Art by Empanada
It’s been over a year since INN last covered Chris Roberts’ Star Citizen, a historic funding and game development simulator that allows players to spend real money while roleplaying as vaporware publishers. For the most part, Star Citizen doesn’t fit with our subject matter, as INN focuses mostly on games that exist. Not much has changed since our last report; none of the announcements from the 2016 holiday livestream reflected anything resembling reality. But this week, Star Citizen made headlines in Eve circles with the release of information on its new salvaging ship, the VentureVulture.
Eve Online players will immediately recognize the ship as closely resembling the Venture, an ORE industrial frigate first released (into the actual game, not just as a concept) in 2012. CCP Games even recognized it, tweeting about it on Thursday following CIG’s announcement.
They say that imitation is the sincerest form of flattery 😏
— EVE Online (@EveOnline) June 14, 2018
But CIG’s troubled community has not made its reputation for circling the wagons undeservedly. As Eve Online players took to the StarCitizen subreddit to poke fun, moderation there quickly took to banning anyone associated with the Eve Online subreddit, citing ‘brigading’. Citizens quickly answered the call to engage in quasi-religious apologetics for the beleaguered developers.
On its own, it may not be an issue. It’s difficult to say that an industrial ship with two arms extending in front of the cab could be unique IP or constitute brand identity. CCP Games clearly doesn’t believe it to be a significant problem, as CCP Guard took to Twitter to invite players of both games to fight it out over Eve Online’s actually existent massively multiplayer single universe, boasting hundreds of systems and tens of thousands of players online around the clock. Responding to a call to arms as the two subreddits engage in a fairly one-sided emotional battery, CCP Guard tweeted:
Now, while I would always encourage the #StarCitizen community and the @eveonline community to be friends…if you do need to settle things…maybe do it in an online game? <3https://t.co/hPOakz2JAn pic.twitter.com/OBxhCz3BAc
— CCP Guard (@CCP_Guard) June 15, 2018
But they are uncannily similar, and while “two arms extending in front of the cab” might not be unique, it is certainly interesting that they share so much in common, from color scheme to purpose to functionality. The fact that the names differ by two letters only nearly moves it from farce into tragedy. Even so, CIG has sold hundreds of high-priced luxury concepts for its game, most of which have never made it into what they term the “persistent universe,” an instanced game world consisting of a handful of set pieces, often for thousands of dollars. At a modest $120 [Editor’s Note: if store credit is used, such as ‘trading in’ a ship to help pay for it, the price rises to $140], the Vulture is downright affordable (by Star Citizen standards), fitting for a salvaging frigate. Should the Vulture actually make it into the game, it will join a number of other hangar-ready paperweights in waiting for CIG to decide on what non-combat activity will actually look like in the game.
After years of silence on the topic of mining, leaked footage from the “Alpha 3.2” release has surfaced, showing the player shooting a laser at shale (of all things, and on an airless moon) in mining gameplay that somehow makes Elite’s mining lasers look engaging. The ‘entry-level’ mining ship has also been priced at $140.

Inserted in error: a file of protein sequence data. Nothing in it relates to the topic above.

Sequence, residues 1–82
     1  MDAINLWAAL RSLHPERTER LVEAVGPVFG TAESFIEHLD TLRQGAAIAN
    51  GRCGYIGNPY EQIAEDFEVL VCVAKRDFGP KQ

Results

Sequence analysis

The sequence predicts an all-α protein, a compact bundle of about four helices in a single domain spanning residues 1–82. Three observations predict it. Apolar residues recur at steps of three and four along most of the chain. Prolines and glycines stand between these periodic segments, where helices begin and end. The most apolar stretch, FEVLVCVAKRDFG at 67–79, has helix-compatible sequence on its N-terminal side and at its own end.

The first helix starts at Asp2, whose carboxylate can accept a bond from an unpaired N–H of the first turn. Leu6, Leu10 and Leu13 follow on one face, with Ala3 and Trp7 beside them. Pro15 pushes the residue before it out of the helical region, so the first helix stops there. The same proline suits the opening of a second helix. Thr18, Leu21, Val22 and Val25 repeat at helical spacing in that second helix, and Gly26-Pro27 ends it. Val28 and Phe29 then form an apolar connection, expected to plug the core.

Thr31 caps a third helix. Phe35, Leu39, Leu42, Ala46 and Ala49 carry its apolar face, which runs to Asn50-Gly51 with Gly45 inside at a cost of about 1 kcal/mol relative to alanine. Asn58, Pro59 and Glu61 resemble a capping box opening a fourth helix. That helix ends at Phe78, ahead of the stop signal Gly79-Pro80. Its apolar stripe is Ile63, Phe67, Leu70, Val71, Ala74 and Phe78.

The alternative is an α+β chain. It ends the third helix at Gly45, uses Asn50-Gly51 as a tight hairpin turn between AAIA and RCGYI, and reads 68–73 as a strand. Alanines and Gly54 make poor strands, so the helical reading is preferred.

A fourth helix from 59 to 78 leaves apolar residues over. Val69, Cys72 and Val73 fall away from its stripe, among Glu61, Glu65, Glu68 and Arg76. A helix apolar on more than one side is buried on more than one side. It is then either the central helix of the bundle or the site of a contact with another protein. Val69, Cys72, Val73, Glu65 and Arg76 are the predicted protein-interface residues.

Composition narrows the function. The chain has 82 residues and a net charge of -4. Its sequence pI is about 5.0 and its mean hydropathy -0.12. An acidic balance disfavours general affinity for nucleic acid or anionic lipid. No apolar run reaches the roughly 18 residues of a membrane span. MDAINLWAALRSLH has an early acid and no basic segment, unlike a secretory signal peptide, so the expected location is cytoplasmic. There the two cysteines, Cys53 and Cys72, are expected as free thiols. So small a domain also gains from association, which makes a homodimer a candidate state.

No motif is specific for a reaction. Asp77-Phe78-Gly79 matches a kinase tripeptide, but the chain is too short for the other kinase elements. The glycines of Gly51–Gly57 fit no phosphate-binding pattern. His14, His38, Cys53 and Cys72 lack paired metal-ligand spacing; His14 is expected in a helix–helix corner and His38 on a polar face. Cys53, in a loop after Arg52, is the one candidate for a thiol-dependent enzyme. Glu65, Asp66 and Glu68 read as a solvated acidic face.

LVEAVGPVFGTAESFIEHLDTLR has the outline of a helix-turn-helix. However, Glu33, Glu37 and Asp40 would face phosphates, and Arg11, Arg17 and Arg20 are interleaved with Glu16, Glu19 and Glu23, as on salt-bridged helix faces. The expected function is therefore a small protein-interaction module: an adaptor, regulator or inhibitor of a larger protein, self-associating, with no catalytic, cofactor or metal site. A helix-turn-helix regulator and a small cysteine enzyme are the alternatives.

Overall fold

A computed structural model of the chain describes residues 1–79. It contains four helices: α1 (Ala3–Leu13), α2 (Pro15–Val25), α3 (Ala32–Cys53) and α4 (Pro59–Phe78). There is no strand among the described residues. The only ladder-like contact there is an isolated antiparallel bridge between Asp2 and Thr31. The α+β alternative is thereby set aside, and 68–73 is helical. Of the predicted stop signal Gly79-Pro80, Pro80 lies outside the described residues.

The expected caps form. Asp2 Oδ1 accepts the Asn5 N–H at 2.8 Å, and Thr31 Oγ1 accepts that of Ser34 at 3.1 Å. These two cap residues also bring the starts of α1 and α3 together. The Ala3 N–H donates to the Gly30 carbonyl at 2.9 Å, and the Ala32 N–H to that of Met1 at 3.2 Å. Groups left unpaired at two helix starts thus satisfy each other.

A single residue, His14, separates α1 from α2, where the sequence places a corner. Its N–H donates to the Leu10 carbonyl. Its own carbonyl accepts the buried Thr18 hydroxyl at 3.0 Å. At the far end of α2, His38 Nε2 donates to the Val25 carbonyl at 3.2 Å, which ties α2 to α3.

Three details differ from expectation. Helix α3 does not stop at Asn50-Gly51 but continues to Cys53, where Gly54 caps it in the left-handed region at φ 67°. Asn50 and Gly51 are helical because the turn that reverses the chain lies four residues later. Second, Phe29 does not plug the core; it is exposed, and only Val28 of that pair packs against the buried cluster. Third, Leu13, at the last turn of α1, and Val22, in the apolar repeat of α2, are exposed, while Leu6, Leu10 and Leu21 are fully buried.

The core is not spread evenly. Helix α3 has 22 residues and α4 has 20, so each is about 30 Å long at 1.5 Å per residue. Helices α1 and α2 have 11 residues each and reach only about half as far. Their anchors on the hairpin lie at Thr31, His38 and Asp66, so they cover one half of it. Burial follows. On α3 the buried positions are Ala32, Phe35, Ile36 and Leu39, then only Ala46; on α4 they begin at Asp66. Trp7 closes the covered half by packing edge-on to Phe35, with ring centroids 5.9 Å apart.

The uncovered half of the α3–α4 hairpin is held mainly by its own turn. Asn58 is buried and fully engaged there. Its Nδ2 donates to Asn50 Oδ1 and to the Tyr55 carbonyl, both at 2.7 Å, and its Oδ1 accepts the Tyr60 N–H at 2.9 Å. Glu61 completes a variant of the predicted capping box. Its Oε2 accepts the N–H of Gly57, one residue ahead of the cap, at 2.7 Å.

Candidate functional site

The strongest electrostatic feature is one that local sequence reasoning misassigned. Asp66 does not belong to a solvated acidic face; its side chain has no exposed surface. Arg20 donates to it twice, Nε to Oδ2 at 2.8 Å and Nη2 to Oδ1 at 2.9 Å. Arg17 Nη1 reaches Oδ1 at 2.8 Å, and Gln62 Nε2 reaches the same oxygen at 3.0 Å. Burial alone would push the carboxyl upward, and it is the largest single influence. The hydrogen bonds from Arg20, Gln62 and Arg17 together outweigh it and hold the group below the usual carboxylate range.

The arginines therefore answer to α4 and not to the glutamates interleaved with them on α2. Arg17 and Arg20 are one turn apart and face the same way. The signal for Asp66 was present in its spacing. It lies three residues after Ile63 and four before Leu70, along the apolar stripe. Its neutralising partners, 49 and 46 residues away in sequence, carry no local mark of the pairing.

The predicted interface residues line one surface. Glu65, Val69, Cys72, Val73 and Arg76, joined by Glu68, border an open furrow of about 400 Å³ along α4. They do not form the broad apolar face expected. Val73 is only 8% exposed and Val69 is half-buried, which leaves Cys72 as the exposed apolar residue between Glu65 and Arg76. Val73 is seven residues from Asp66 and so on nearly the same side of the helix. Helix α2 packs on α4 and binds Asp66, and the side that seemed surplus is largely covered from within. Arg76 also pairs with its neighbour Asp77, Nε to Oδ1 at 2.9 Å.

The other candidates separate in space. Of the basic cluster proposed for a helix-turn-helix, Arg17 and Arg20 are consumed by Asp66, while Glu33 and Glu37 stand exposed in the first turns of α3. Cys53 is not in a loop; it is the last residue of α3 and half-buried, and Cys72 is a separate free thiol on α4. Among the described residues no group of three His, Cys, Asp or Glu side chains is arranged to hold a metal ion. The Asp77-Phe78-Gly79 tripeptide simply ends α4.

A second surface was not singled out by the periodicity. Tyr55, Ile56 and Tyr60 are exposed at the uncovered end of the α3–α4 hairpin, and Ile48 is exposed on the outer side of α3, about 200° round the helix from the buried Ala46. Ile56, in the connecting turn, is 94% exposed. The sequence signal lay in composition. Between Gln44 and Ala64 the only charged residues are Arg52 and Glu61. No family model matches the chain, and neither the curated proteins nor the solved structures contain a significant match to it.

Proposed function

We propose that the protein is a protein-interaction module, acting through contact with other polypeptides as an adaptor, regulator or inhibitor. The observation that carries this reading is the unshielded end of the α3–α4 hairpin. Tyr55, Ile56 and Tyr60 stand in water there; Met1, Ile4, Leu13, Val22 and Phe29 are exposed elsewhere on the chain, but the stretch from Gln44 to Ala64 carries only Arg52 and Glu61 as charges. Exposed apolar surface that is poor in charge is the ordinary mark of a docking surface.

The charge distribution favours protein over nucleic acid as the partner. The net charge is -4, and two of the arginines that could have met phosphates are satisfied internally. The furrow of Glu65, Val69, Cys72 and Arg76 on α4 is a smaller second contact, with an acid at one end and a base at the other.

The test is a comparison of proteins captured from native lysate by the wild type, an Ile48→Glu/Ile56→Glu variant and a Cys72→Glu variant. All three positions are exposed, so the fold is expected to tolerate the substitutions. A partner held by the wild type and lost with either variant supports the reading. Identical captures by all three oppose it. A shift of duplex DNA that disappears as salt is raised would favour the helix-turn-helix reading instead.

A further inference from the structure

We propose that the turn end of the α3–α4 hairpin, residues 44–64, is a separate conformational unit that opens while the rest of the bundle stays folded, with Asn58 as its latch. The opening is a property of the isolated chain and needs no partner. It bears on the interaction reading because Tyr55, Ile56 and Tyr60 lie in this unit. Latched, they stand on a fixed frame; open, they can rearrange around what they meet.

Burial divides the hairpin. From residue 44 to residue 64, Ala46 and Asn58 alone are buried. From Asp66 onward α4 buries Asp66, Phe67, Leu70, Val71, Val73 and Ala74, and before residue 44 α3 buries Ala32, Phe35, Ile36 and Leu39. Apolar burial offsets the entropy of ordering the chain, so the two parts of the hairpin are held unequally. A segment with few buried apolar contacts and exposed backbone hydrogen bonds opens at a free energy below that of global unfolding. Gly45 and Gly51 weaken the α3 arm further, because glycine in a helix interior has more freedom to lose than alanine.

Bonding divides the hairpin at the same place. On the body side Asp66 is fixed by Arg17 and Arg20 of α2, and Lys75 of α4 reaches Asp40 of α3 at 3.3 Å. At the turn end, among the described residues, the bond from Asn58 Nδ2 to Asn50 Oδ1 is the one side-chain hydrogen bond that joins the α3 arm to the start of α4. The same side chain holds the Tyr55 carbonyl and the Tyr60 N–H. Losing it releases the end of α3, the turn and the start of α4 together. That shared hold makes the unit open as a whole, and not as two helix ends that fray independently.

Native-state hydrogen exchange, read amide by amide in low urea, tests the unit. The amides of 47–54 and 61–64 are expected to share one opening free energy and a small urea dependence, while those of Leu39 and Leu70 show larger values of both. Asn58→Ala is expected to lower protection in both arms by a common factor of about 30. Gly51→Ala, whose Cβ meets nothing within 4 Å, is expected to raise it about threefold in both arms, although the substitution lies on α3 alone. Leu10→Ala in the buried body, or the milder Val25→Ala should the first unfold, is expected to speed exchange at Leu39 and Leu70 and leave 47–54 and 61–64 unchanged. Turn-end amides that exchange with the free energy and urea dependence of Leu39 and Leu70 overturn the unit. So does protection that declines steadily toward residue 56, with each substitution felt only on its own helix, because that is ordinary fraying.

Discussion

While the Vulture may just be a coincidence, it’s hardly the first time CIG has been accused of plagiarism in its concept designs. CIG previously faced criticism due to the practices of former CIG artist Ryan Archer in using obvious copy and paste jobs in concept compositions. While concept artists often use such assets in rough concept work, this work is rarely used in marketing material or to promote extremely expensive ships. Star Citizen has also “borrowed” art from Eve before, copying the Immensea nebula for concept art last year. It isn’t even the first time they’ve been accused of copying a ship’s design. But Chris Roberts has never been wildly imaginative, preferring a very bland and derivative “World War 2 submarines and dogfights in space” aesthetic. It would be, perhaps, too much to ask for original ship designs, and they may not even fit into Chris’ vision for the game, whatever that may be.
This is what I mean: this is @RobertsSpaceInd blatantly stealing @EveOnline art (the Immensea nebula) for their own concept art. ON the left is the RSI "art", on the right the EVE art. pic.twitter.com/57TvcHg5Dr
— Spectre_06 Gaming (@Spectre_06Live) June 14, 2018
At present, Star Citizen remains just slightly less complete than it was when we last reported on it in 2016. People with bad judgment are welcome to pay for access to the pre-alpha “Alpha 3.1,” and may even consider spending $27,000 to get most of the collection of ships (although most, it bears repeating, have not progressed beyond the concept stage). Don’t count on the Vulture being included though; you’ll need to drop at least another $120 on that.
Or you can actually appreciate the tedium of a real space job with your Venture in Eve Online, noted game that exists. $5 in PLEX affords somewhere around 220 Ventures and reasonable fittings, a savings of thousands of dollars versus the same number of Vultures. The insurance works, too!
And we’ve got a soft spot for miners in Delve.